Clemson breaks ground on chapel bearing late student’s name

Miscellany/Terry Cregar: Mary and Ken Cadden speak at the groundbreaking celebration at Clemson University May 23 for the new chapel named in tribute to their son.

CLEMSON— Thanks to a Catholic couple seeking to honor their late son, a 20-year effort to build a chapel at Clemson University is on its way to becoming reality.

The slow-moving process was propelled forward by Mary and Ken Cadden, who launched a three-year campaign to raise the money needed to build a campus chapel.

On May 23, several hundred people gathered for a symbolic ground-breaking at the site of the future Samuel J. Cadden Chapel at Clemson University.

Samuel Cadden

The Caddens, parents of Samuel Cadden, were special guests at the groundbreaking, complete with shovels bearing Clemson-orange handles and orange-colored sand. The event was led by James Clements, university president, along with a small group of school officials at the building site next to the Strom Thurmond Institute.

The $6 million chapel, plaza and garden is expected to be completed by the fall of 2020. It will primarily serve as a quiet, reflective space for students, faculty, staff and visitors, as well as a space for weddings, funerals and campus events.

As with chapels on other public college campuses, Clemson’s will be nondenominational, although it is named after a student who was a devoted member of St. Andrew Church and its Catholic Student Association.

Sam Cadden was a rising junior at Clemson in 2015 when he passed away that summer from injuries sustained in a car accident. The following year, his parents presented the university with a $1.5 million gift to launch the fundraising campaign.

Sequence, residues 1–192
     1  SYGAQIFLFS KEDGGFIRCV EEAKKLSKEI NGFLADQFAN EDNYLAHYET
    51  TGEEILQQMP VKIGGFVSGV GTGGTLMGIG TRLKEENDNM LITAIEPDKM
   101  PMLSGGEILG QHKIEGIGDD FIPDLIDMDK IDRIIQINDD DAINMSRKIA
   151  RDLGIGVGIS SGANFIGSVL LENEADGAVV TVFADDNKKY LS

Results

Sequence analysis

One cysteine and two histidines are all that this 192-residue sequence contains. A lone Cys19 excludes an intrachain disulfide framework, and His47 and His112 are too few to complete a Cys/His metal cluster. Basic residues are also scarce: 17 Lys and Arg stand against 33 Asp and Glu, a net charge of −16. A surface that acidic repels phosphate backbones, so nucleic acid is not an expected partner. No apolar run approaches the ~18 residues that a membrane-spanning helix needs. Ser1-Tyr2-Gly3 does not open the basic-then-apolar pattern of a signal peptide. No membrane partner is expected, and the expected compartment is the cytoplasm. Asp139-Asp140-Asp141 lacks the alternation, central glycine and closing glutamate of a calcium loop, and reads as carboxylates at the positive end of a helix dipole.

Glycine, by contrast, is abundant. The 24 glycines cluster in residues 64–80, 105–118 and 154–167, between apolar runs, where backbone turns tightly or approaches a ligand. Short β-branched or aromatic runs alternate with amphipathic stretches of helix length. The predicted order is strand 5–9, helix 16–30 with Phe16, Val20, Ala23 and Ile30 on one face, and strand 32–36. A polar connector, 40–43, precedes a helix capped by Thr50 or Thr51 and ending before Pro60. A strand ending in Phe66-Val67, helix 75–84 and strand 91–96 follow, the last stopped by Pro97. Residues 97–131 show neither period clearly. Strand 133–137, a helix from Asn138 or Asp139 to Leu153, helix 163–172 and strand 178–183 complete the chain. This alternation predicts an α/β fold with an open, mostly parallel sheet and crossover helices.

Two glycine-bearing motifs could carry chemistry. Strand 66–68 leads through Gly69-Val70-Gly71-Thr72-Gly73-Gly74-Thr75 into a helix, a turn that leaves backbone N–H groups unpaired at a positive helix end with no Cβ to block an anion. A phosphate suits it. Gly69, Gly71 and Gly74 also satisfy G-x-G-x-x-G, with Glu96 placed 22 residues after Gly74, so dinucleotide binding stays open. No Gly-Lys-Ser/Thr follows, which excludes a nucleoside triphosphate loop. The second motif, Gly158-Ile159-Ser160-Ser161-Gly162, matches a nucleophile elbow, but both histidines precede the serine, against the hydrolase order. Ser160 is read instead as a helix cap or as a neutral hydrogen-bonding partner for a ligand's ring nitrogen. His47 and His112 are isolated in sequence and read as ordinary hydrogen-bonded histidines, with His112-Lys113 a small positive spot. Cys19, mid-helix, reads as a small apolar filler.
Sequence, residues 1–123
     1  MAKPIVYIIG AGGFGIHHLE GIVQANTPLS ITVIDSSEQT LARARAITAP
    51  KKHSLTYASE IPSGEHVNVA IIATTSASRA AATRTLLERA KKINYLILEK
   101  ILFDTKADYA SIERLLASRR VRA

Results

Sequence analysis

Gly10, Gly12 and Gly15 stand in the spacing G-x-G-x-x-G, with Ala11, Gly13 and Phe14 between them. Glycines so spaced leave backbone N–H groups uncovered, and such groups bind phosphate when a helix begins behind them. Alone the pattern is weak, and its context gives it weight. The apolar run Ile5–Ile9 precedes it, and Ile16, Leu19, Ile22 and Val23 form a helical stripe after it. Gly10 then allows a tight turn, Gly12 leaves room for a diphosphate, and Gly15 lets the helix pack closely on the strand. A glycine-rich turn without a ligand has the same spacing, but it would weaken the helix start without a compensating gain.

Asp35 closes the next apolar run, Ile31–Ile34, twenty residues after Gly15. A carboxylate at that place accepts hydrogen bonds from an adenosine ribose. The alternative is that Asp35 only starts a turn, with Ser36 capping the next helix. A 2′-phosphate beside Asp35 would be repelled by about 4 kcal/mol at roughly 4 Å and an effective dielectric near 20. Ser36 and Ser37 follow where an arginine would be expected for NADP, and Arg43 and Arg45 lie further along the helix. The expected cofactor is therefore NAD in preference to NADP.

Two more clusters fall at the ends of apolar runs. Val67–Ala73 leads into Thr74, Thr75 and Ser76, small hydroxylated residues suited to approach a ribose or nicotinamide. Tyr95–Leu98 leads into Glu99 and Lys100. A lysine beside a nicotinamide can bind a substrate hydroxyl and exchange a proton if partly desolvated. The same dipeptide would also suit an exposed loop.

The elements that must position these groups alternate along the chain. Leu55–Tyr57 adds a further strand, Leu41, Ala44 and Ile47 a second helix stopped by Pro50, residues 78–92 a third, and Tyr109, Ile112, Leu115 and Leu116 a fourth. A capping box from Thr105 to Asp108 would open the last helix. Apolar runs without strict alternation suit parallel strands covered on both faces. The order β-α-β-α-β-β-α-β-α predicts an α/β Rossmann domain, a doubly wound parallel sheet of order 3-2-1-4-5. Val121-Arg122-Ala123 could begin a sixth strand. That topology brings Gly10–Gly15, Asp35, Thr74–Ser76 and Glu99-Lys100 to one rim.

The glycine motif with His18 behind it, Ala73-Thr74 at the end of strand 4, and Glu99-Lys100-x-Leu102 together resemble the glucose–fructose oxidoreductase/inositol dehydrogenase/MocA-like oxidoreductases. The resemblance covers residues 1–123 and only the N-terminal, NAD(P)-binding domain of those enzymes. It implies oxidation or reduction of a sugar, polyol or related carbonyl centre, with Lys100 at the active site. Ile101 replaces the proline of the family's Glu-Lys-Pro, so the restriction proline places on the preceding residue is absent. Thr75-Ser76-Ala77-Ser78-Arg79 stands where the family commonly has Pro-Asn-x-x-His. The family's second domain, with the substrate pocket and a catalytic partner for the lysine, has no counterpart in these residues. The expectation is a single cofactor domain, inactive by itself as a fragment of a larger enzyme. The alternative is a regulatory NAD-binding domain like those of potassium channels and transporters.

While at Clemson, Sam served on St. Andrew’s finance council and was a member of the Knights of Columbus. His father spoke briefly at the groundbreaking, reflecting on the agony of losing a child, which ultimately turned toward grace.

“The chapel project can be a painful reminder at times of what we lost, but most of the time it’s been a blessing,” Mr. Cadden said. “We’ve made friends who rallied to support a young man they did not know for very long and a family they did not know at all. It’s provided us great comfort and a distraction from great heartache. The letters we’ve received and stories we’ve heard of Sam have touched our hearts.”

While at Clemson, the Cadden’s son put together a personal wish list, though it wasn’t discovered until after his death. The list included Sam’s hope of one day having a building named in his honor, along with his desire to serve God.

Miscellany/Terry Cregar: The Caddens join other participants in prayer during the groundbreaking ceremony.

“His first week at Clemson, Sam found St. Andrew and he joined the Knights of Columbus,” Mrs. Cadden said. “He contemplated going into the priesthood, but he also wanted to have children,” which led to Sam’s interest in becoming a deacon.

“He was a normal boy who struggled with the things we all struggle with in our faith, but he somehow was able to encourage others,” she said, noting that each week Sam invited at least one fellow student to join him for Sunday evening Mass at St. Andrew. 

“He had that gift from God,” Mrs. Cadden said, a gift others at St. Andrew saw and nurtured, including Father Bob Menard, chaplain and director of Catholic Campus Ministry.

Father Menard, who delivered the homily at Sam’s funeral in Virginia, said the young man “fully engaged his fellow students in the classroom, on the campus and in the faith community,” an effort that gradually spread to the larger community.

“As a member of St. Andrew, Sam shared his presence, prayer, time and talents with us,” Father Menard said. “My hope is that other students will be inspired to equip themselves for leadership, as he did.”

As for the new chapel, Father Menard said he prays that it will become “not only a memorial that honors students who have died, but also a center for interfaith prayer, dialogue and witness to the value of teaching and learning for wisdom’s sake.”